Spatial Analysis of the Landslide Characteristics Caused by Heavy Rainfall in the Northern Kyushu District in July, 2017 Using Topography, Geology, and Rainfall Levels
Toru Danjo, Tomohiro Ishizawa, and Takashi Kimura
Storm, Flood and Landslide Research Division, National Research Institute for Earth Science and Disaster Resilience
3-1 Tennodai, Tsukuba, Ibaraki 305-0006, Japan
The heavy rain in Northern Kyushu District on July 5, 2017 caused a sediment disaster, resulting in the loss of many lives and damage to buildings. In this study, the primary causes (topography and geology) and trigger factors (rainfall) for the sediment disaster were spatially analyzed to examine factors contributing to slope failure. As a result, it was found that the number of slope failures was highest in metamorphic rock areas and the occurrence density of the landslides was highest in plutonic rock areas. In addition, the slope angle of the slope-failure source point was sizable in volcanic rock areas and many landslides occurred in the valley-formed areas. A rainfall analysis showed that the Akatani, Shirakitani, Sozu, Kita, Naragaya, Myoken, Katsura river basins and Ono, Ohi, Sata, Inaibaru river basins are different rainfall distributions, which significantly affected the slope-failure occurrence density.
-  Japan Meteorogical Agency, http://www.data.jma.go.jp/obd/stats/data/mdrr/pre_rct/alltable/pre24h00.html#a82 [accessed June 24, 2018]
-  Fire and Disaster Management Agency, http://www.fdma.go.jp/bn/2017/detail/1007.html [accessed June 24, 2018]
-  Ministry of Education, Culture, Sports, Science and Technology, “Repot of comprehensive research concerning heavy rainfall in Northern Kyushu District on July 2017,” pp. 127-130, 2018 (in Japanese).
-  Disaster Prevention Research Institute, Kyoto University, “Report of the survey on heavy rainfall in Northern Kyushu District in 2017,” pp. 25-32, 2018 (in Japanese). http://www.dpri.kyoto-u.ac.jp/web_j/publication/other/20180330_kyusyu.pdf [June 24, 2018]
-  Geospatial Information Authority of Japan, https://fgd.gsi.go.jp/download/menu.php [accessed June 24, 2018]
-  National Institute of Advanced Industrial Science and Technology, “Seamless Digital Geological Map of Japan (1:200,000),” https://gbank.gsj.jp/seamless/index.html?lang=ja& [accessed June 24, 2018]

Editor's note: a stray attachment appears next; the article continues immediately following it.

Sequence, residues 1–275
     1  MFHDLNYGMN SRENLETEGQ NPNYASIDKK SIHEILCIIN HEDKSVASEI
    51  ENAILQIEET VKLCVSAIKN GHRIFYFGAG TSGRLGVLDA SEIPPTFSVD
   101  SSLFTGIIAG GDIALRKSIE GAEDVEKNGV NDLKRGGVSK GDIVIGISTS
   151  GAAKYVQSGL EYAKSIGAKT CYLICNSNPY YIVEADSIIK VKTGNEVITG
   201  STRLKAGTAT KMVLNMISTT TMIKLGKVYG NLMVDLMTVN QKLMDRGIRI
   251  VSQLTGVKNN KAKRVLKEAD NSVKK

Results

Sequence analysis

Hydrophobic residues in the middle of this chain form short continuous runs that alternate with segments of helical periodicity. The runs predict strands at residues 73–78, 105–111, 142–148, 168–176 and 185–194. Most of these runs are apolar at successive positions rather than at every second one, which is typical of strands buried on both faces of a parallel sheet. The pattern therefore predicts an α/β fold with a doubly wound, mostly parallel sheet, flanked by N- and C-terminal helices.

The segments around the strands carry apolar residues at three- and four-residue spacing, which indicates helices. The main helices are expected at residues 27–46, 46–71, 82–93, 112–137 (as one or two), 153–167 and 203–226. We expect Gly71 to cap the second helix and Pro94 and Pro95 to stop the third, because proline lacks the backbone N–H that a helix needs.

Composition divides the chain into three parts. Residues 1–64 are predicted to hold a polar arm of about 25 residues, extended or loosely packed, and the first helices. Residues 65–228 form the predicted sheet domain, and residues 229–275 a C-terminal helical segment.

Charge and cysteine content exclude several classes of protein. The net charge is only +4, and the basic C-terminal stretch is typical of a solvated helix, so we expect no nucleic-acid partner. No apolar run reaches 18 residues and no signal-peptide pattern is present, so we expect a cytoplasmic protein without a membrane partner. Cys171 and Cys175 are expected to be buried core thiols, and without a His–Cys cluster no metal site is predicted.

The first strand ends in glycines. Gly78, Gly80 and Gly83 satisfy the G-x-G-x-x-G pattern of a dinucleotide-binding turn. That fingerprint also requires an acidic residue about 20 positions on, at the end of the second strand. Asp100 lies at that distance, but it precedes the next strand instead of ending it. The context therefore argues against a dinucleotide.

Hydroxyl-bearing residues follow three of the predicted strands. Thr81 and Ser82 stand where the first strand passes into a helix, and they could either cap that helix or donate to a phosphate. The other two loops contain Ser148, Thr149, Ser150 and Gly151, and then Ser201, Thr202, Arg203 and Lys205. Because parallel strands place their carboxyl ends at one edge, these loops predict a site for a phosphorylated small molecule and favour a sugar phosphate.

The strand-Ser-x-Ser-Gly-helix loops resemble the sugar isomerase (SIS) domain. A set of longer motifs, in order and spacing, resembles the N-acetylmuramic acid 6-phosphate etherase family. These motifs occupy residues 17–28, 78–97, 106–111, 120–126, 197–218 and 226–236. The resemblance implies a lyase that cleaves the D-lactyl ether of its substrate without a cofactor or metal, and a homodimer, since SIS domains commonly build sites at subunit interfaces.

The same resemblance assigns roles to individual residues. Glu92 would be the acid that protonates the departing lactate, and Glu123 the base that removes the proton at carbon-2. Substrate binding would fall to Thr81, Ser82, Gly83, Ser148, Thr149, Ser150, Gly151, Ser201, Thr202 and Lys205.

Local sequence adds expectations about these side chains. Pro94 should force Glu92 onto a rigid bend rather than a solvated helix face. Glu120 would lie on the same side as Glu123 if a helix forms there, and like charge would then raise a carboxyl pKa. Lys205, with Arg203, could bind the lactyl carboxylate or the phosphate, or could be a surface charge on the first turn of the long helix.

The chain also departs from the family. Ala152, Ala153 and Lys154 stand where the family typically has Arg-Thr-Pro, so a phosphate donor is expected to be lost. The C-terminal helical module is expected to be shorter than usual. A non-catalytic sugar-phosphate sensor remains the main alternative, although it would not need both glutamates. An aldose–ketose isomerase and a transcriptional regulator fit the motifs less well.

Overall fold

-  K. Nagata, “Quantitative precipitation estimation and quantitative precipitation forecasting by the Japan Meteorological Agency,” RSMC Tokyo Typhoon Center Technical Review, Vol.13, pp. 37-50, 2011.
-  T. Okimura, N. Torii, and H. Nagai, “Analysis of mountain slope failures caused by rainfalls after earthquake,” Report of Research Center for Urban Safety and Security, Vol.2, pp. 19-31, 1998 (in Japanese).
-  Geospatial Information Authority of Japan, http://www.gsi.go.jp/BOUSAI/H29hukuoka_ooita-heavyrain.html [accessed June 24, 2018]
-  PASCO Corporation, http://www.pasco.co.jp/disaster_info/20170708/ [accessed June 24, 2018]
-  P. A. Burrough and R. A. McDonnell, “Principles of geographical information systems,” Oxford University Press, p. 190, 1998.
-  I. D. Moore, R. B. Grayson, and A. R. Ladson, “Digital terrain modelling: A review of hydrological, geomorphological, and biological applications,” Hydrological Processes, Vol.5, pp. 3-30, 1991.
-  L. W. Zevenbergen and C. R. Thorne, “Quantitative analysis of land surface topography,” Earth Surface Process and Landforms, Vol.12, pp. 47-56, 1987.
-  T. Suzuki, “Introduction to map reading for civil engineers,” Kokonshoin, Vol.1, p. 122, 1997 (in Japanese).
-  Japan Meteorogical Agency, http://www.data.jma.go.jp/obd/stats/etrn/index.php [accessed June 24, 2018]
-  N. Osanai, Y. Tomita, K. Akiyama, and T. Matsushita, “Realty of cliff failure disaster,” Technical note of national institute for land and infrastructure management, No.530, p. 52, 2009 (in Japanese).
This article is published under a Creative Commons Attribution-NoDerivatives 4.0 Internationa License.